The number of “ghost shopping malls” – shopping centres with a vacancy of more than 40% – surged to 64 in 2023 compared to 57 in 2022, according to the latest report by global real estate consultancy Knight Frank. It analyses that the disparity between “well-performing shopping centres” and “shopping centres with high vacancies” comprising Grade C and ghost stock has emerged even more “starkly” in 2023. The number of ghost shopping centres is on the rise in key cities like Delhi-NCR, Mumbai, and Bengaluru.

“This stock (ghost shopping malls) does not attract widespread retailer interest due to various constraints such as bad location, obsolete design, strata sold arrangements in addition to dilapidation and unattractiveness of structures,” the report titled ‘Think India Think Retail - 2024’ says.

The primary survey by Knight Frank shows with the advent of some new shopping centres in India, the retailer preference for Grade A assets is at an all-time high. Consequently, as the new shopping centres opened, many retailers made a beeline to expand their presence. This led to high double-digit vacancies in Grade C structures as performance and operational metrics of better-performing malls improved, according to the data.

"The high vacancy of such assets has invariably impacted the India vacancy percentage for the Tier 1 cities and provides a skewed picture despite an 87-basis points reduction in shopping centre vacancy from 16.6% to 15.7%."

On removing these centres from the stock, the overall shopping centre health in India improves dramatically, says the report, adding that the differential vacancy arrived, after such exclusions, is a truer representation of shopping centre performance in top-tier markets.

"The pan India vacancy in the top 8 markets after this analysis reduces from 15.7% to 7.4%, and all the cities under coverage represent a healthier picture."

In contrast, as Grade A shopping centres’ operational metrics continue to improve, vacancy at an asset level has been trending lower than ever before. Similarly, the reverse is also true. “Shopping centres that struggled previously continue to face perennial trouble as retailers exit and the new assets add to their woes, sharply increasing their already high double-digit vacancy,” says the report.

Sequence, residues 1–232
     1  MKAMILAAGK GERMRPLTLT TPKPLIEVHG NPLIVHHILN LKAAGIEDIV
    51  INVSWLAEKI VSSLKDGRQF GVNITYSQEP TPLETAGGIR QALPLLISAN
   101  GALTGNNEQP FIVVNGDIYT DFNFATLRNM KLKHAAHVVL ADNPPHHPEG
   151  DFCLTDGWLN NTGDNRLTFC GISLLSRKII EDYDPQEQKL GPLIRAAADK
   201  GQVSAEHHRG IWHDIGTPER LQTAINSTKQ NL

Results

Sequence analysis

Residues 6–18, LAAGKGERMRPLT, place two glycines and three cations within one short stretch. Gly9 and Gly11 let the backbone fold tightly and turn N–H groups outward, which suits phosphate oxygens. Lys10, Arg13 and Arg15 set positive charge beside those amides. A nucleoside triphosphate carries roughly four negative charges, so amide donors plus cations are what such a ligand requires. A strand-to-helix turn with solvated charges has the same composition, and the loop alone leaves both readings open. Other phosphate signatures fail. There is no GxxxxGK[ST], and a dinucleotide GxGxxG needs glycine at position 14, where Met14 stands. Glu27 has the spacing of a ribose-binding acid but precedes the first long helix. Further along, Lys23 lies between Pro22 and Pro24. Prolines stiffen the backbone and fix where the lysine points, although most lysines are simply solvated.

The number of shopping centres making the cut for “ghost shopping centre” stock has increased, says the report, adding that it has improved mall health in the top 8 markets extensively as vacancy trends down. The report observes it is only a matter of time before such structures pave the way for newer, fancier and relevant shopping havens for buyers.

“As nearly USD 798 mn (INR 67 bn) is trapped in the gross leasable space of these non-performing shopping centres, consolidation of retail asset portfolios by institutional investors and proactive steps by mall developers to either repurpose or demolish these structures will provide new opportunities for interested players for land monetisation. “

Of the 82% of stores located in the top 8 cities, NCR with 23%, Bengaluru with 18%, and Hyderabad with 15%, account for the top 3 cities with the maximum number of stores. Mumbai comprised a 13% share in the total number of stores in the top 8 cities.

Overall, the North region boasts of the “largest gross leasable area” totalling 4.3 mn sq m, followed by the South and West regions with 3.5 mn sq m and 3.2 mn sq m. In contrast, the East region has the smallest footprint with 0.7 mn sq m.

Within tier 2 cities, Lucknow emerged as a “key player”, with an impressive share of 18.4% “gross leasable area” amongst its counterparts.

Follow us on Facebook, X, YouTube, Instagram and WhatsApp to never miss an update from Fortune India. To buy a copy, visit Amazon.